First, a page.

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NJ ‘Good Samaritan’ drug overdose law explained to police, prosecutors, public

Photo Credit: Cliffview Pilot File Photo

Acting New Jersey Attorney General John J. Hoffman has issued a statewide law enforcement directive to ensure that police and prosecutors understand and comply with the drug overdose good Samaritan measure signed into law two months ago.

The new law is intended to save lives by encouraging people to seek medical assistance whenever a drug overdose occurs — protecting those who, in good faith, seek medical assistance for an overdose victim from arrest and prosecution on a charge of use or simple possession of illegal drugs.

The immunity also applies to the person suffering the overdose.

“This law truly will save lives,” Hoffman said this morning, “but only if we raise public awareness and ensure that police comply with it, so that those who find themselves in a crisis involving an overdose can have faith that if they call for assistance, their involvement or association with illegal drug use will not land them in jail.

“To be clear, this law does not give immunity to drug dealers or those who make no sincere effort to help a victim,” he added, “but it should give others the confidence to do the right thing when a life is in danger.”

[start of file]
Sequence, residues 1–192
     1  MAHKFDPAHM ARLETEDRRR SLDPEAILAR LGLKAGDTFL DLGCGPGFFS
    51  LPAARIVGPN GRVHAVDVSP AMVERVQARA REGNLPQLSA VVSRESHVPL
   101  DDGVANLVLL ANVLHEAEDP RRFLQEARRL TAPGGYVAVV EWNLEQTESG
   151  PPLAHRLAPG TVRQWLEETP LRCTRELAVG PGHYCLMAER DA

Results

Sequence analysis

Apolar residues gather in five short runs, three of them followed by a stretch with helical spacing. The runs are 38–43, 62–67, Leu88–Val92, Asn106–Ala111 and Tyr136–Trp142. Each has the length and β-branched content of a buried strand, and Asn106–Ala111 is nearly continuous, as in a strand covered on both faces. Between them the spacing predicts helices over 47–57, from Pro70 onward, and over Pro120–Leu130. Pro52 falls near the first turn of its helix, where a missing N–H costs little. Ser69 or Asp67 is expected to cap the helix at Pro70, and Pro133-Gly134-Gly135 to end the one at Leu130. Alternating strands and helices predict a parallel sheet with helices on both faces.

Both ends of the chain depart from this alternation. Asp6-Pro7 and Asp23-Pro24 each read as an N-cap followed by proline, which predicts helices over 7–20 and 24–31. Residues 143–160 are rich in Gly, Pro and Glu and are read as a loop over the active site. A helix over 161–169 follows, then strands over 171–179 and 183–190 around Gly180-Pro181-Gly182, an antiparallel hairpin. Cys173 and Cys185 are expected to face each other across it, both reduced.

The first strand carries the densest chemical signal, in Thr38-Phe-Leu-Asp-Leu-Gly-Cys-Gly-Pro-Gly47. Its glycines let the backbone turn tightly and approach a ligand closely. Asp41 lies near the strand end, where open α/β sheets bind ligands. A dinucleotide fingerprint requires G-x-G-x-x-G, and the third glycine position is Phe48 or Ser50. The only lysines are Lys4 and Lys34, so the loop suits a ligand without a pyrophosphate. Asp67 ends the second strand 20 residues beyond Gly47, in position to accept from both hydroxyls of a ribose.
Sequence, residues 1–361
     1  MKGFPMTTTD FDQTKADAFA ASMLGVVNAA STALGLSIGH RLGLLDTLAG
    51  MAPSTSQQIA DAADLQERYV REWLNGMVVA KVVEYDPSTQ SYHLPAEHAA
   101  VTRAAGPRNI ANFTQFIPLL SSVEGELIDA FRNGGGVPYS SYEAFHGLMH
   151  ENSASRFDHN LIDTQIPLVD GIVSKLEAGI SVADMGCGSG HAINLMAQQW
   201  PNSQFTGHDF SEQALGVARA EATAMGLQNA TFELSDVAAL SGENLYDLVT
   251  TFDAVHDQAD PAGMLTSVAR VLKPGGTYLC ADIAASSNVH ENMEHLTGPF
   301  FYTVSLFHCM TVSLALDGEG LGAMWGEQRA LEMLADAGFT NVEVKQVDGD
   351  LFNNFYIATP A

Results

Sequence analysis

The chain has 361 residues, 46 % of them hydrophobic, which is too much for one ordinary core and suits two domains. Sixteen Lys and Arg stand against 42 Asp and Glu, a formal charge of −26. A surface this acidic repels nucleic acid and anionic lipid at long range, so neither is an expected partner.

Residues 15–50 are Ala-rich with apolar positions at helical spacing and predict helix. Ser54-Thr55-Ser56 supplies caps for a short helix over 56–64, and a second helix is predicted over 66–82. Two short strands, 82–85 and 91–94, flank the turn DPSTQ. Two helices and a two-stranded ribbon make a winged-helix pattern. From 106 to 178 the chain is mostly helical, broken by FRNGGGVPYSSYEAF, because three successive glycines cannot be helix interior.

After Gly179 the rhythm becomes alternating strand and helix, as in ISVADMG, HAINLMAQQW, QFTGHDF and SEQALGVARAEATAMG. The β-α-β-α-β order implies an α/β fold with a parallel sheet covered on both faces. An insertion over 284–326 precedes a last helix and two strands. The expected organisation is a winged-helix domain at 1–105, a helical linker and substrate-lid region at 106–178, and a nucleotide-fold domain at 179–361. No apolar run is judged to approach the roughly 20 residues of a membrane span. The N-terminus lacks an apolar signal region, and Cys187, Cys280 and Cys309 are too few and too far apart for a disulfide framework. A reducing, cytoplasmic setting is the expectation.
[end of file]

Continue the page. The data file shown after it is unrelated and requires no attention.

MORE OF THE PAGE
Elie Honig, director of the stateDivision of Criminal Justice, added: “In that critical moment when a life hangs in the balance, this law should focus would-be Good Samaritans on making the right call – a call for help.

“Meanwhile, police who are called to respond also need clear guidance about how to handle what is likely to be a chaotic and emotional situation. This directive was drafted to provide that guidance.”

The directive lists the specific offenses for which the law provides immunity — including obtaining, possessing, using, being under the influence, or failing to make lawful disposition of any controlled dangerous substance.

It doesn’t stop police from arresting people for offenses involving the manufacturing or trafficking of illegal drugs.

And it doesn’t remove liability for a drug-induced death or for driving while under the influence of an intoxicating substance.

Although the statute specifically grants immunity only to the specific person who calls 911 or otherwise seeks medical assistance and the person who suffered the overdose, the directive gives police leeway:

“Consistent with the spirit of the law and its overriding purpose to reduce disincentives to seeking prompt medical help, where it can reliably be determined that two or more persons were present at the time that the request for medical assistance was made and were aware of and participating in that request, police and prosecutors should proceed as if those persons had collaborated in making the request for medical assistance, even though only one of them actually placed the call to the 9-1-1 emergency system or otherwise made the request for medical assistance.  Persons who in this manner collaborated in making the request for medical assistance should not be arrested or prosecuted for an offense [for which immunity is granted under the law].”

The entire directive can found be here:

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